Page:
Ms Stephen-Smith also referred to a rumour on social media that anyone can turn up for vaccination at the Canberra Hospital today. She said a vaccination clinic at the hospital is for staff and vulnerable patients only and that members of the public would be turned away due to significant visitor resections at the hospital.

11:55 am: The ACT has recorded 17 new cases of COVID-19 to 8:00 pm last night.

There were 16 cases yesterday.

Nine of the 17 cases are linked and the remaining are under investigation by ACT Health.

Only one of the new cases was in quarantine for the entirety of their infectious period and at least 11 spent part of their infectious period in the community. Investigations are continuing.

There are 12 people in hospital with COVID, and two are in intensive care, both requiring ventilation, neither of whom are fully vaccinated.

A total of 1988 tests were conducted yesterday, which is considered low.

Business compliance teams are active across the city and compliance is good, with the exception of mask-wearing among employees. Compliance checks will continue to focus on masks and remind businesses of their obligations.

NSW has reported 1035 cases and the deaths of four women and one man from COVID.

Since this wave began in June, there have been 260 COVID-19 related deaths in NSW and 316 in total since the start of the pandemic.

Yesterday, NSW reported 1022 new cases of COVID-19 and 10 deaths.

Victoria has recorded 628 new cases and three deaths overnight.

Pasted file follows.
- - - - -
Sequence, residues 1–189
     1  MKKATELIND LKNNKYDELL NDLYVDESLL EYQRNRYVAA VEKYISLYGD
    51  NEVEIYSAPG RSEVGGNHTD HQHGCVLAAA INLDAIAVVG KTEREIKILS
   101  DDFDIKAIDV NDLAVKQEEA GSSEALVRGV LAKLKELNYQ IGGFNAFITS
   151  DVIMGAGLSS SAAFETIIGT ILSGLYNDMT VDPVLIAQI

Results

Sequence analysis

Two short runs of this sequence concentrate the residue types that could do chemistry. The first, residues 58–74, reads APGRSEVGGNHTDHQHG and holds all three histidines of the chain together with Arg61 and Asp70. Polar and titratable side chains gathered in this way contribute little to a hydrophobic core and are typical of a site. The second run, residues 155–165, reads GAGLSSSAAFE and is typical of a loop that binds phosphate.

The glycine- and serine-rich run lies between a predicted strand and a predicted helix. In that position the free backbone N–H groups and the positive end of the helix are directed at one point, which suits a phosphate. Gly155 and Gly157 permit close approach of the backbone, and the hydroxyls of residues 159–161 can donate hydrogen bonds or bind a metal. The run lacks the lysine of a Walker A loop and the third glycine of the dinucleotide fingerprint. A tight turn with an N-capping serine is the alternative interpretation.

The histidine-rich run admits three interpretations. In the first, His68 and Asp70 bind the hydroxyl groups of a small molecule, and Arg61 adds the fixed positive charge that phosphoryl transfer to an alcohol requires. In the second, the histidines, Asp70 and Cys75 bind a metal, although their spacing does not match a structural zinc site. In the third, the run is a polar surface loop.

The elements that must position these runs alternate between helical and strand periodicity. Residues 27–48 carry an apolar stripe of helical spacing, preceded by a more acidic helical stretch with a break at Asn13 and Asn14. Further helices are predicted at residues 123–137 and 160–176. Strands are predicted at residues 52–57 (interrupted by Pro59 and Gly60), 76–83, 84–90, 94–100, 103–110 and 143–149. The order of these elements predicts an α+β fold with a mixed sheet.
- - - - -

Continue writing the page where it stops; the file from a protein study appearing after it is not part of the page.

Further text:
Yesterday, Victoria reported 603 cases and one death.

Doctor and patient

The ACT Government is recruiting more than 90 nurses and midwives over the next four years. Photo: Region Media.

10:05 am: More than 90 nurses and midwives will join the ACT’s workforce under a $50 million initiative over the next four years.

Recruitment will begin later this year as the government works towards better nursing and midwifery ratios across the public health system.

During the 2020 election campaign, ACT Labor promised to improve ratios and hire an additional 400 healthcare workers – including 200 new nurses and 150 clinical staff like specialists and registrars.

The minimum ratio is yet to be agreed with the Australian Nursing and Midwifery Federation. It will vary depending on the clinical setting, including general medical, general surgical, acute aged care and the adult mental health unit.

Health Minister Rachel Stephen-Smith said the funding would deliver better outcomes for patients and staff and a safer workplace for nurses and midwives.

“Implementing ratios guarantees there will be more staff on the ward to provide care and ensures an increased skill mix on each shift to provide the best possible care for patients in our public health system,” she said.

“This commitment will also contribute to a more sustainable workforce by reducing staff fatigue and increasing job satisfaction across our health and midwifery workforce.”

The commitment for extra nurses was announced as dozens of new exposure sites were added overnight.

St Edmund’s College Canberra library is a close contact location for Friday, 10 September, between 8:10 am and 4:15 pm. The entire campus in Griffith has been listed as a casual exposure location between 7:45 am and 4:15 pm on the same day.

Forty-five new public transport routes have also been listed as casual exposure locations between Monday, 13 September and Friday, 17 September.

Woolworths and Liquor Legends Charnwood, Coles Express in Manuka, Caltex Woolworths in Hume and Woolworths Belconnen were listed as exposure locations between Friday, 17 September and Sunday, 19 September.

There are now more than 400 active exposure sites across the ACT. A full list of exposure locations can be found at www.covid19.act.gov.au.

Chief Minister Andrew Barr, Ms Stephen-Smith, and Deputy Chief Health Officer Dr Vanessa Johnston will provide an update on the ACT’s COVID-19 situation at 11:45 am.